The catechism was my favorite subject. I looked with great respect at the priest who entered the classroom. At first, I was too young to attend the instructions of the priest. At the age of 10, I was included among the older girls, and I remember, that we, the youngest ones, sat directly under the pulpit at his feet. It was wonderful. Whenever I returned home after receiving lessons from the priest, my soul was completely immersed in all that I had heard.

 

Judging from what you said, I suppose that the respect you showed your parents was also reflected in your attitude toward your teacher and the priest who instructed you. Do you remember them with joy?

I was very grateful to my teacher and the priest. When I heard my classmates fabricate lies or contrive evil against them, I wept and prayed asking God to change the hearts of those who were spreading such gossip. When I saw my classmates mock the teacher, I prayed in tears to God not to let such an indignity occur. I was even more painfully troubled when my classmates refused to obey our parish priest.

 

How was it for you when the years of childhood, filled with the love of God
and neighbor, ended and adolescence years began?

With the passing of time, I realize that these years were a great blessing but at that time, it was difficult. My adolescent years were filled with great inner suffering. I had no taste for prayer; time for prayer filled me with dislike and weariness. Sometimes I was terribly bored during prayer. I knew that I could not let this be and so, decided to speak to my confessor and follow his advice. It was not easy. My inner suffering lasted about one year and took its toll on my body and my health deteriorated. The one thing that helped me during this time was obedience to my confessor.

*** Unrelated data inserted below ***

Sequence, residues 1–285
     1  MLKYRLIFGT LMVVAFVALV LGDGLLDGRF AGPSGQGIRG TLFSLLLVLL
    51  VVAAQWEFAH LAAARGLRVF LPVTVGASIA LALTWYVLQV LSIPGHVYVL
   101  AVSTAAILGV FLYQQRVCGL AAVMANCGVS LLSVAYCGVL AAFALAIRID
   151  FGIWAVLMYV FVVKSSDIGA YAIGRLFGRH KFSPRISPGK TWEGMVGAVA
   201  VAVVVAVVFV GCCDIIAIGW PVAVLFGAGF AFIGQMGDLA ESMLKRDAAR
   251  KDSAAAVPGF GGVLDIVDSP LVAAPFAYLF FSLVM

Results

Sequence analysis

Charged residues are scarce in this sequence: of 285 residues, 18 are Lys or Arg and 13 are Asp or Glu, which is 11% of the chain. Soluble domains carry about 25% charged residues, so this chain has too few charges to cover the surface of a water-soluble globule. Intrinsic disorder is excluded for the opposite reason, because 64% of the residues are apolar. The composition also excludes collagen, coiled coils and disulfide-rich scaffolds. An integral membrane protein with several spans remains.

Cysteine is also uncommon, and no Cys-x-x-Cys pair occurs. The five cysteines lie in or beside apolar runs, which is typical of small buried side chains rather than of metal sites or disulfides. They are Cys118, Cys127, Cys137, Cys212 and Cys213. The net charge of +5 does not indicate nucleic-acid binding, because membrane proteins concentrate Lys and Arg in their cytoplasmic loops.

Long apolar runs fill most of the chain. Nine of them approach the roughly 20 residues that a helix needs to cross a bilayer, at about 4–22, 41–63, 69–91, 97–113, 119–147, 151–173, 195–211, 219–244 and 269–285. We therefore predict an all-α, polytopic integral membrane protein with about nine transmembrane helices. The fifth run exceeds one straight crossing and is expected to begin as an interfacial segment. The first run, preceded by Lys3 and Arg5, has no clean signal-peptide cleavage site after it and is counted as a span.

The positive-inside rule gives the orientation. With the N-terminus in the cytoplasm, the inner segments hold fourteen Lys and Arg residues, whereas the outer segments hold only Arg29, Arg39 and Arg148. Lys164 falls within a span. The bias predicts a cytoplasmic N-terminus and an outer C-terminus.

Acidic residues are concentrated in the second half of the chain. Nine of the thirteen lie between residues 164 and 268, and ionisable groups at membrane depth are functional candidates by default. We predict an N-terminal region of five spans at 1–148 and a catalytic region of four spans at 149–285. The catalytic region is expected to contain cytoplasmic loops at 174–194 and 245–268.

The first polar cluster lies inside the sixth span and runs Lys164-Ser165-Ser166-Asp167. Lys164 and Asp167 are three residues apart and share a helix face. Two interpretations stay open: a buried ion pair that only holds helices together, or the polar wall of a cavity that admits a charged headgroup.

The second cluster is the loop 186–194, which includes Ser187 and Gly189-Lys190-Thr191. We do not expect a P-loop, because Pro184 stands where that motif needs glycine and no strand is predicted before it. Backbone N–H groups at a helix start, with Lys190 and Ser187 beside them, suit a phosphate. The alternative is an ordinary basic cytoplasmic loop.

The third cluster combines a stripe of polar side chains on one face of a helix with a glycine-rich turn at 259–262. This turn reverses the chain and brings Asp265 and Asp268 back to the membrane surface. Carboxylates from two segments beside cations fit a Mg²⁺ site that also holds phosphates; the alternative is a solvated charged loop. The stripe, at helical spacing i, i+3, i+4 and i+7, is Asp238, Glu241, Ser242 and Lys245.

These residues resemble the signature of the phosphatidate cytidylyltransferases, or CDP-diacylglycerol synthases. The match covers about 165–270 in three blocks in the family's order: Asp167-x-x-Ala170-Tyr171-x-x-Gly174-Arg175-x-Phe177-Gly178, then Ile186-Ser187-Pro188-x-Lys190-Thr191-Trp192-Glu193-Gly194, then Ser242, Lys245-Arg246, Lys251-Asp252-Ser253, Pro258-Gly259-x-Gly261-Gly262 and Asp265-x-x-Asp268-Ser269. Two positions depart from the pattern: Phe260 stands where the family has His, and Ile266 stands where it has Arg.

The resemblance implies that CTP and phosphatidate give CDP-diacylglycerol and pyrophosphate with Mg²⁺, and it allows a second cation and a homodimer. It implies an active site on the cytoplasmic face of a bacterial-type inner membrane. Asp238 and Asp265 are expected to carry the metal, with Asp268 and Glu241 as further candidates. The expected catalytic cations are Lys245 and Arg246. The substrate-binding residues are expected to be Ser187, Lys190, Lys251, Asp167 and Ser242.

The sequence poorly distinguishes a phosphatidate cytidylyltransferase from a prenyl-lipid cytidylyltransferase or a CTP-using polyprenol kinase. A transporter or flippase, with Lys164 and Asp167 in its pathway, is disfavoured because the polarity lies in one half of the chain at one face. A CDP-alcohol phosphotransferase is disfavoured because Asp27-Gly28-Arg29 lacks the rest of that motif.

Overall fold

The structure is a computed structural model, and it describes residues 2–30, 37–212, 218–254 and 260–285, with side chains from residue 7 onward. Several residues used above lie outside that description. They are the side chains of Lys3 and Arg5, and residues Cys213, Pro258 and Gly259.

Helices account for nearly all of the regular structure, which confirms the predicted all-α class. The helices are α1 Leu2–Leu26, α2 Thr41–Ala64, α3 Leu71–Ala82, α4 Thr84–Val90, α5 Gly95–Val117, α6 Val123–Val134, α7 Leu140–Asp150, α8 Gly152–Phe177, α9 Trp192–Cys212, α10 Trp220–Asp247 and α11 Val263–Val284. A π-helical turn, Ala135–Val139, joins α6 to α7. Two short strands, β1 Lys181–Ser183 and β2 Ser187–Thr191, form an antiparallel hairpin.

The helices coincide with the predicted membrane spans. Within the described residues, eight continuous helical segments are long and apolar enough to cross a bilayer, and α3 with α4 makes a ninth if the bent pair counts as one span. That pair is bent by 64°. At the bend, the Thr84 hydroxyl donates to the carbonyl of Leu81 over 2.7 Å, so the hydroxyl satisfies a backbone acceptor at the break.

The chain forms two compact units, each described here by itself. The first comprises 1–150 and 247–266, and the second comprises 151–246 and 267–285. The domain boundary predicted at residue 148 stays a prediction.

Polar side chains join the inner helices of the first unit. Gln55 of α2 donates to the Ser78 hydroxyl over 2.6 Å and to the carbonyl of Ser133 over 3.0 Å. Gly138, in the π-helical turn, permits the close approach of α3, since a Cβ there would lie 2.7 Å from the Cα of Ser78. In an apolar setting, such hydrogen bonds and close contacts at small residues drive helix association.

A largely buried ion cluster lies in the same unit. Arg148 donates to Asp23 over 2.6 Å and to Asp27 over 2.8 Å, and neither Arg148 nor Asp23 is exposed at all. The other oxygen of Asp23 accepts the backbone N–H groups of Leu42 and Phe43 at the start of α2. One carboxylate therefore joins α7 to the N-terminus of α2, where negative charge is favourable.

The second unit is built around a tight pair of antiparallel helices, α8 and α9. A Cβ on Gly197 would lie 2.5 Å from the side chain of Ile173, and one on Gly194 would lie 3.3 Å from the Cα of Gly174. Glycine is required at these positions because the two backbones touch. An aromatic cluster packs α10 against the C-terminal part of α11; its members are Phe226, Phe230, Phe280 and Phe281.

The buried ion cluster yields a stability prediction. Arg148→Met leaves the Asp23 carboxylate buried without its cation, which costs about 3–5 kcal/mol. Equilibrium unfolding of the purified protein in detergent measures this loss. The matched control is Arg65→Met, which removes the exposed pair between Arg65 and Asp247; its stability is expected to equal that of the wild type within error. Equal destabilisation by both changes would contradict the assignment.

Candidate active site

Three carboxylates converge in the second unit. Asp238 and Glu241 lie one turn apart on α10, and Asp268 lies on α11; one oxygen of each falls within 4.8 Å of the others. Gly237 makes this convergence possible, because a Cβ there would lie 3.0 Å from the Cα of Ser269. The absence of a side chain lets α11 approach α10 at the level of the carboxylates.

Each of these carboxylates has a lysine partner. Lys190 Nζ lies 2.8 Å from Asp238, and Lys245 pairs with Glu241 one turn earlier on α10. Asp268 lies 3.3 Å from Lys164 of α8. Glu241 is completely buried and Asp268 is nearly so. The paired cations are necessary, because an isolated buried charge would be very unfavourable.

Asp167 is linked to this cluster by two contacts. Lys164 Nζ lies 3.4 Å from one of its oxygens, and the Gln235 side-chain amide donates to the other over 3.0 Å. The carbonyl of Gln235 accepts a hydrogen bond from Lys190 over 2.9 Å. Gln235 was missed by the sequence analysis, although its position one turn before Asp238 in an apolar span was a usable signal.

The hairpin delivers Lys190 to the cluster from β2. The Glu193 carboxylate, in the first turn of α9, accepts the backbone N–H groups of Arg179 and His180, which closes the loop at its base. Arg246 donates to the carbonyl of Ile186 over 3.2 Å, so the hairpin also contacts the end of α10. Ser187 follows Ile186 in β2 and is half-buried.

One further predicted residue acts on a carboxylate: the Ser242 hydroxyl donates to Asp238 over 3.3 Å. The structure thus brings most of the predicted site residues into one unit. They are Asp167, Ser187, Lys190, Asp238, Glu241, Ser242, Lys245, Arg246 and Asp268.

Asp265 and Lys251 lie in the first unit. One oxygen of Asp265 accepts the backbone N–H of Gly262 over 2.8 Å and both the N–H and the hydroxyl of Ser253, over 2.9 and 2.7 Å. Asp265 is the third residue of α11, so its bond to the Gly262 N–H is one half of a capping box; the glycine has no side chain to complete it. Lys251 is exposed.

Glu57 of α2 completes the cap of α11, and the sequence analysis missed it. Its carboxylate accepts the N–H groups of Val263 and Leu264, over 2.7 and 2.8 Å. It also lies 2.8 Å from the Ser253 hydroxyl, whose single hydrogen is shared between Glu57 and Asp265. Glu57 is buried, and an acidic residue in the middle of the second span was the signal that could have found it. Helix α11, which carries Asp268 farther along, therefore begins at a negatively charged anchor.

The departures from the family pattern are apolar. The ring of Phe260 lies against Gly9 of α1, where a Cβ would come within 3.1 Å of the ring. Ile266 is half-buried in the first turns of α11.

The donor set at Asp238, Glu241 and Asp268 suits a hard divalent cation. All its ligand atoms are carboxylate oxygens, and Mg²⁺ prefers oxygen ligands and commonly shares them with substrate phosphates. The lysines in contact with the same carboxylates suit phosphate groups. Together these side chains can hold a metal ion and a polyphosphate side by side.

In what ways did your health deteriorate?

At seventeen, interior sufferings were added to my bodily illness. At the beginning, my bodily sickness was very painful but my interior suffering was even more violent. I imagined that death was imminent. I could not speak because of the great pain but could only make signs. My psyche was extremely strained and I suffered with tuberculosis for almost three years.

 

Did you not want to lash out at God and question why He permitted this
to happen to you?

No, on the contrary, I found my little crucifix my one source of alleviation. During the endless hours I was in bed, I prayed the prayer that learned as a child asking God to help me keep a clean heart, to reach holiness, and to do His Will in all things. It was in these moments that I began to think about consecrating myself to God. Sickness had become for me a school of life and I learned to be sensitive to the suffering of other people.

 

Today, people have a problem with suffering and wish to eliminate it. What would you recommend to them?

I know that sufferings are crucifying but they are necessary. Suffering can free us from ourselves and can lead us to give ourselves completely to God. The thought of heaven can encourage all who suffer.

 

The question of Christ’s suffering and that of all people was important in your life. The answer to this question for you was that you realized that through suffering you willingly participated in the work of salvation and it gave you the courage to establish a religious community. Please describe the principle of this community.